Nanotechnology is perhaps the field with the most spectacular development over the past years, but it can be really hard to understand what’s going on at that scale, mostly because we can’t see it (doh!), but also because the laws that apply there are slightly different.
No small matter: Science on the nanoscale is the work of George M. Whitesides, the man with the highest H index of all living chemists and Felice C. Frankel, winner of the Photographic Society of America’s 2009 Progress Medal, and it has to be said, it’s awesome. Before I get into talking more about the book, I want to say that this is not a paid review, and everything I write is my honest opinion.
The book is written mostly for those who are just getting into nanotechnology or have a basic grasp of what’s going on there, but everybody has something to take from it, regardless of their interests and current knowledge; it probably fits best with undergrads, though. But, if you wanted to know what happens at a molecular level when you play the violin, take a pregnancy test or lit a candle (and way more), this is what you need to read.
A small revolution is remaking the world. The only problem is, we can’t see it. This is the book’s catchphrase, but it’s a bit too simple if you ask me. The virtual voyage the authors have prepared for the readers is just breathtaking, filled with detailed pictures of seemingly invisible objects, such as nanotubes, viruses, etc., proving what photography and high power microscopes can do when working together.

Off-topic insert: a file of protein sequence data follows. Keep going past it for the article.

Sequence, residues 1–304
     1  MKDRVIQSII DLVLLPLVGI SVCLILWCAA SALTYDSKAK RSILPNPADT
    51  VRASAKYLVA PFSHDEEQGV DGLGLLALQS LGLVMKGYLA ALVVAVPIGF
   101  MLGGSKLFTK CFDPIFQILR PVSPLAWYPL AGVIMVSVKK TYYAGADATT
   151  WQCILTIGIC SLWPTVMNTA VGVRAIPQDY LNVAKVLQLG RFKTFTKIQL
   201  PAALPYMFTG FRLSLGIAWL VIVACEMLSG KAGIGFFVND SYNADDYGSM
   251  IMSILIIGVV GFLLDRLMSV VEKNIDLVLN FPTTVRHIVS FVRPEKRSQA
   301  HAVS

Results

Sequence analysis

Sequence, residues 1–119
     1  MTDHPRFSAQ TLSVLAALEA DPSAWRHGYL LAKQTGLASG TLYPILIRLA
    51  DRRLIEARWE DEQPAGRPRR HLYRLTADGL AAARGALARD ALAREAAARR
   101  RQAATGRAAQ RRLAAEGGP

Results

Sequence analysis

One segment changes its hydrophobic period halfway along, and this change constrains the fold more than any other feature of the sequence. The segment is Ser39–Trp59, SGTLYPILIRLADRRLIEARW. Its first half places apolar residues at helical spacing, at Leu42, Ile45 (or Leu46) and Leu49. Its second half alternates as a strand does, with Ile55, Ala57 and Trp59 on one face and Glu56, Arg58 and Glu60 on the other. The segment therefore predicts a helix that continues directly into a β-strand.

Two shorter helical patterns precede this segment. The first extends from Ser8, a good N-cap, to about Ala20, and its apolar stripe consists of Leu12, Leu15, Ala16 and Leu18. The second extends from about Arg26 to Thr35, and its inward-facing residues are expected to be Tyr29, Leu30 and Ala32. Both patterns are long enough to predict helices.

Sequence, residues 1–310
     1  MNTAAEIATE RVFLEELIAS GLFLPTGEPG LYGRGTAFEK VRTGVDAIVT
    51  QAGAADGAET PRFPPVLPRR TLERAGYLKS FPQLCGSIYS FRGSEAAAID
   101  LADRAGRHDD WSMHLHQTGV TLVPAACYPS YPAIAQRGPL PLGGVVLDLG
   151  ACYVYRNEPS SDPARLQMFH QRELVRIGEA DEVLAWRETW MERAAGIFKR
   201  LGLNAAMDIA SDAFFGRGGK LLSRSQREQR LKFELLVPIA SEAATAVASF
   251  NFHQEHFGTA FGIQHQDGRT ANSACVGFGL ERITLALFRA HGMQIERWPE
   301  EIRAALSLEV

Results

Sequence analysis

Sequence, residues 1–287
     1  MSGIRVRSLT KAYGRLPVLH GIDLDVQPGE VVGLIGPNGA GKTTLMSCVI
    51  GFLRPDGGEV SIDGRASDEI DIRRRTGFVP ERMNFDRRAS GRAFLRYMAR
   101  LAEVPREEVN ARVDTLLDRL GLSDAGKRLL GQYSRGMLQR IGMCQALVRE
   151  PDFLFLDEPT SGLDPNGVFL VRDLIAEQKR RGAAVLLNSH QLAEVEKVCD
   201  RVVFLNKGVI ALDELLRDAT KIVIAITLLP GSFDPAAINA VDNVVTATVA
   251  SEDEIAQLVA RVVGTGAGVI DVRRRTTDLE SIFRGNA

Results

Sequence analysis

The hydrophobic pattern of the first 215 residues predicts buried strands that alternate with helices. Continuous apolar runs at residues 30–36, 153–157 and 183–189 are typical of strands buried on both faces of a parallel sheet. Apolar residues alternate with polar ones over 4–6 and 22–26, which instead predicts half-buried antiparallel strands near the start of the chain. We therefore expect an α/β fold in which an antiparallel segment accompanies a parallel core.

Basically it provides an overview of where nanotechnology is now, looking at what it has been and what it will probably be, as well as the advantages and dangers that this microscopic (or submicroscopic) world brings. In layman’s terms, you can call it an introduction in the science of the little; and what an introduction it is! What really convinced me of the value of the book is that aside from it’s educational part (which is explained logically, in detail, but kept simple) was it’s interesting part. I often found myself reading one page after another and forgetting to look at the pictures, even though they were really great. This happened because the information is presented in a clear, explosive and informal manner, allowing readers to grasp the basic core of nanotechnology.
“The textbook is well-written and concise, allowing readers with little or no prior knowledge about nanotechnology and nanoscience to understand and appreciate the concepts easily.”
Tan Lay Theng
Republic Polytechnic, Singapore
The simplicity is definitely something worth admiring, because an area as complex as nanotech involves many fields (physics, chemistry, quantum mechanics, etc) and binds them together. All in all, this is definitely something worth reading, whether you’re a science enthusiast or not, regardless of your age.